Though known for their zinfandel, they’re the largest Sangiovese producer in Sonoma and own the oldest extant Sangiovese vineyard in the country. Edoardo Seghesio—part of a wave of immigrants from northern Italy—bought his first 10 acres in 1895 in . If people were coming to Sonoma to buy wine, he reasoned, they’d see his vineyard first. The strategy worked, and in 1910 Seghesio expanded, purchasing the southern edge of Italian Swiss Colony’s vast property, where they’d planted a Chianti field blend: Canaiolo, Trebbiano, Malvasia, and, presumably, the first Sangiovese in the state. Only one acre of that legacy vineyard remains. But that acre is a precious archive of historic clones, brought from the Old Country by viticulturist and brandy maker A.R. Morrow. Seghesio makes two sangiovese bottlings from these propagated vines. The basic orange label ($30) comes from three clones planted on porous flatland, bench-land, and hillside. The more intense, oak-aged Venom ($54) comes from the fourth clone—with the smallest berries and loosest clusters—planted on the formidable Rattlesnake Hill.
Antica Napa Valley and the 90’s Sangiovese boom
If there’s one name associated with the sangiovese boom, it’s Antinori. By most accounts, their Atlas Peak Vineyard (now called Antica Napa Valley) launched the 1990s juggernaut. Piero Antinori led the search for a vineyard site. Like a true Tuscan, he sought a high-elevation mountainside location (the exception to the rule in Napa at that time), settling on a remote, undeveloped property on Atlas Peak. They planted Cabernet, Chardonnay, and in 1987, enologist Renzo Cotarella and viticulturist Andrea Paoletti brought in Sangiovese buds from Il Poggione winery in Montalcino and T-budded two acres of vineyard as an experiment.
Then the majority investors partners of the winery decided to try a market move and to launch Sangiovese as a new trend for the wine market.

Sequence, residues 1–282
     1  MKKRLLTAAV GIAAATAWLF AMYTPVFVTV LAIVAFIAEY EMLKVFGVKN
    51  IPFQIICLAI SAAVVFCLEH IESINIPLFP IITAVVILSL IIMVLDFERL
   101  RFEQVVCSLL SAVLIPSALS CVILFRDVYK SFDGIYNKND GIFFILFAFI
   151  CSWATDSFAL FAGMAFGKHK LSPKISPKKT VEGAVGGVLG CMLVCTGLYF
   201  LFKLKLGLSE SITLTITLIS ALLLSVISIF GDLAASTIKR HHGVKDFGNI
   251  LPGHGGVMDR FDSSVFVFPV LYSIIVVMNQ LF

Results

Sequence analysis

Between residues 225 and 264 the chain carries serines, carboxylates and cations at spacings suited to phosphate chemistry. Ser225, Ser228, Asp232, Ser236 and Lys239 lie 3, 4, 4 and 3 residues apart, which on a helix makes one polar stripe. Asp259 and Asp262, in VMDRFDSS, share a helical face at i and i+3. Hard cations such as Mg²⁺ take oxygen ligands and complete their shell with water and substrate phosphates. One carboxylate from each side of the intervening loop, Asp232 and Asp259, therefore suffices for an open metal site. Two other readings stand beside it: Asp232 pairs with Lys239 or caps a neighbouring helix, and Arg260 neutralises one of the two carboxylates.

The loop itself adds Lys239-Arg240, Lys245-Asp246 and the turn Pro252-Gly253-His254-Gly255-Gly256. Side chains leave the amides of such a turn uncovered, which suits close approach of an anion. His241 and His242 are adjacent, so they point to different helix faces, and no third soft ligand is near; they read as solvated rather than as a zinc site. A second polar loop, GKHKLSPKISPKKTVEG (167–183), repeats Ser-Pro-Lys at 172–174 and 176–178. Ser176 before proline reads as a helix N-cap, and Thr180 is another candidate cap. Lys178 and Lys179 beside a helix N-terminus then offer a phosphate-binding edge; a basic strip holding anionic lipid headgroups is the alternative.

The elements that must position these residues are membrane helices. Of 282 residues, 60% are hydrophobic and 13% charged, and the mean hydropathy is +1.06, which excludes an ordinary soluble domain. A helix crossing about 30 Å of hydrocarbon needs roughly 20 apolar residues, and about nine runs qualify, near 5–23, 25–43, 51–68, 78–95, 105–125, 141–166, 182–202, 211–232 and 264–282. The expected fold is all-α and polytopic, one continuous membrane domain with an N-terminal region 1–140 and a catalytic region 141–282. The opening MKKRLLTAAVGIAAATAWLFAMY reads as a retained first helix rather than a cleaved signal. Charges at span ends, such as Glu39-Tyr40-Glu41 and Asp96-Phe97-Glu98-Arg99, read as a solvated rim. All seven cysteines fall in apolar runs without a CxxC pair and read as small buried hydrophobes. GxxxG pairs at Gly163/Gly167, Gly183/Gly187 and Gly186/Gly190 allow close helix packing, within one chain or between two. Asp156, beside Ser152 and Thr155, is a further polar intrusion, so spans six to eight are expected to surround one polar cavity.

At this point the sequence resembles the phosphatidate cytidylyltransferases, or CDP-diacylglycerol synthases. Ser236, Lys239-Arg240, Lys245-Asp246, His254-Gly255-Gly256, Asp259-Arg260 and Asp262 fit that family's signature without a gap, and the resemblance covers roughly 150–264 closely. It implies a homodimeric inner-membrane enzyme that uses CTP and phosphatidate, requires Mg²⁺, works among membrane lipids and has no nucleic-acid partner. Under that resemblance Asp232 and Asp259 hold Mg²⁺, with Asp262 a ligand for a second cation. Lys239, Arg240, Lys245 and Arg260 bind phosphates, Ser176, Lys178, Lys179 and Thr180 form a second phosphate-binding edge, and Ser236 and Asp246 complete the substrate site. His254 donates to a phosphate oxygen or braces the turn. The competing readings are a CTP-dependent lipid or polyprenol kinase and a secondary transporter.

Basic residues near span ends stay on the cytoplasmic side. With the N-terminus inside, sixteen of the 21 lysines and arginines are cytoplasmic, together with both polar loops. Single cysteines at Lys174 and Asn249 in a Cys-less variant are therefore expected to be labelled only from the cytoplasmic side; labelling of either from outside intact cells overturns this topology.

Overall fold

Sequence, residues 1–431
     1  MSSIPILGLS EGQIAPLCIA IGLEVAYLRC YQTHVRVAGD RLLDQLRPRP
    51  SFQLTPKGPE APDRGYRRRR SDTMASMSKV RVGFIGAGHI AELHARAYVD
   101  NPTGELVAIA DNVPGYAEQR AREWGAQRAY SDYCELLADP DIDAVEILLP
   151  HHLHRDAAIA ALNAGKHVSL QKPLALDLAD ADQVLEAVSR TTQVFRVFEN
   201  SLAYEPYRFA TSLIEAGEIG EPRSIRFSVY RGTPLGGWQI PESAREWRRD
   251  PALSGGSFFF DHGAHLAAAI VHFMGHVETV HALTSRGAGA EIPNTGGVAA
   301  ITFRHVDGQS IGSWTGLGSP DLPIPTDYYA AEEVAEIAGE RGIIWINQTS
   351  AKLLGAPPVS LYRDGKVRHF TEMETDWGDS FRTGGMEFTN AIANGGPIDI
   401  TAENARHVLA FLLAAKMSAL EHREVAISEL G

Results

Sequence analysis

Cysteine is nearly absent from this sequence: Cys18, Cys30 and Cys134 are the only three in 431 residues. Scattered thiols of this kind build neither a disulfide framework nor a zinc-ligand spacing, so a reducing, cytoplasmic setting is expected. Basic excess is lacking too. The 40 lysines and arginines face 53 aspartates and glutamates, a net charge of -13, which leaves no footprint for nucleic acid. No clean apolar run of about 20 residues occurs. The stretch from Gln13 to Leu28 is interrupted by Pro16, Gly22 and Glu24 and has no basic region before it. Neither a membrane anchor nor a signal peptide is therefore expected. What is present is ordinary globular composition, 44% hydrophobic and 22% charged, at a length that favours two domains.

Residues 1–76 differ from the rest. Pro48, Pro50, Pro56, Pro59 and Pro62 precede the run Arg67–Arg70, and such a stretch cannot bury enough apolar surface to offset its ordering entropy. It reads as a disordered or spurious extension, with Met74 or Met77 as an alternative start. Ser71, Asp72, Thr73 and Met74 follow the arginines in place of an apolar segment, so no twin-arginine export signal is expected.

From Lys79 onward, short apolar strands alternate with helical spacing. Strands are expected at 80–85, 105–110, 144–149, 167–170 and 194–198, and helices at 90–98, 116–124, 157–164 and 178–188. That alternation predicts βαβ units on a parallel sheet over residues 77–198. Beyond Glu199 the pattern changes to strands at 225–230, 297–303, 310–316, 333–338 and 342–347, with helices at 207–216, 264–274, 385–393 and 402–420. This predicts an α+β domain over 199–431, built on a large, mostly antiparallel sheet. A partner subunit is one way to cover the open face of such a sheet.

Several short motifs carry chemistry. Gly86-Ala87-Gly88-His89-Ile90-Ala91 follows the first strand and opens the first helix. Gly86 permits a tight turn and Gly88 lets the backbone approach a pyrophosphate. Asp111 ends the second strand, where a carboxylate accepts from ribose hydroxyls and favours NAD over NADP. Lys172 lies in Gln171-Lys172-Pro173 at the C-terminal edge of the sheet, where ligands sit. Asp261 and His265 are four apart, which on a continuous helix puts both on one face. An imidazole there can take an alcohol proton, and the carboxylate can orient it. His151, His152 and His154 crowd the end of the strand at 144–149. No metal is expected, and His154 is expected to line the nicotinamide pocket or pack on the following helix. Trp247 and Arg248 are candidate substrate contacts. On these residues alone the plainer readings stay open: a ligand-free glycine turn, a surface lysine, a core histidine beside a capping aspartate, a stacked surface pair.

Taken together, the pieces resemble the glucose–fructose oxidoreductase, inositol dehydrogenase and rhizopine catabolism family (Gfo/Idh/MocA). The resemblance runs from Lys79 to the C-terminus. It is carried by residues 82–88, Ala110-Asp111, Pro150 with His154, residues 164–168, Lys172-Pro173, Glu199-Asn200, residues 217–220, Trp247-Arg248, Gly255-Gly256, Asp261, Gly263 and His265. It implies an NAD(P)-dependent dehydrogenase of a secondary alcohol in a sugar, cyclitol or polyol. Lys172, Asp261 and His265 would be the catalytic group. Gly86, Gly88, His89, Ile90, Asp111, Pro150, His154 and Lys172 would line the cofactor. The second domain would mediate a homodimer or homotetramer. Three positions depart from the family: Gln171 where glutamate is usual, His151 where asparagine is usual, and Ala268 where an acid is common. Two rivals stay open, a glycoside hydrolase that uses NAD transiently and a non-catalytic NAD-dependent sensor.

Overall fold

In 1990 the Allied-Domecq group invested in 120 acres of Sangiovese vineyards for the Antinori estate and started producing massive amount of cheap Sangiovese wines. Piero Antinori didn’t really have any input. They started to make more and more Sangiovese, and it just got to be the worst push. At the end they had the price down to $9 a bottle. Three years later they leased and then sold the property back entirely to the Antinori family. When the lease expired, Antinori rechristened the winery Antica and shifted its emphasis to Cabernet. That now comprises half the plantings, while Sangiovese has been reduced to five percent. But its two remaining plots are the winery’s best, at the top of gravelly, well-drained slopes.
Today, there are nearly 2,000 acres of Sangiovese vines in the US, with a high concentration on the West Coast. A vast majority of the wineries producing wines with Sangiovese grapes are located in California in areas such as Napa Valley, Sonoma County, San Luis Obispo, Santa Barbara and the Sierra Foothills. However, there are also approximately 300 acres of land in Washington that are dedicated to producing Sangiovese grapes.
Within these areas, the most notable wineries that successfully grow Sangiovese grapes—and have done so for several decades—include Antica Winery in Napa Valley and Seghesio in Sonoma (see above), Palmina Winery in Santa Barbara, Atlas Peak Vineyards and Benesse Vineyards in Napa Valley, to name a few. Each of these wineries release wines that are inherently Italian in inspiration but with flavors rooted in their respective terroirs. It just took the right amount of patience and determination for these wineries to translate their Sangiovese grapes into something characteristic of its beautiful, iconic Italian relative.
– Poggio Leano Sangiovese 2016, Temecula Valley
– Rivalita Syndacate Sangiovese 2015, Dry Creek Valley, Sonoma
– Pedroncelli, Sangiovese 2015, Dry Creek Valley, Sonoma
– Acorn, Sangiovese 2014, Russian River Valley, Sonoma
Here a video with some Californian Sangiovese suggestions
based on my personal taste. Not a sponsored video.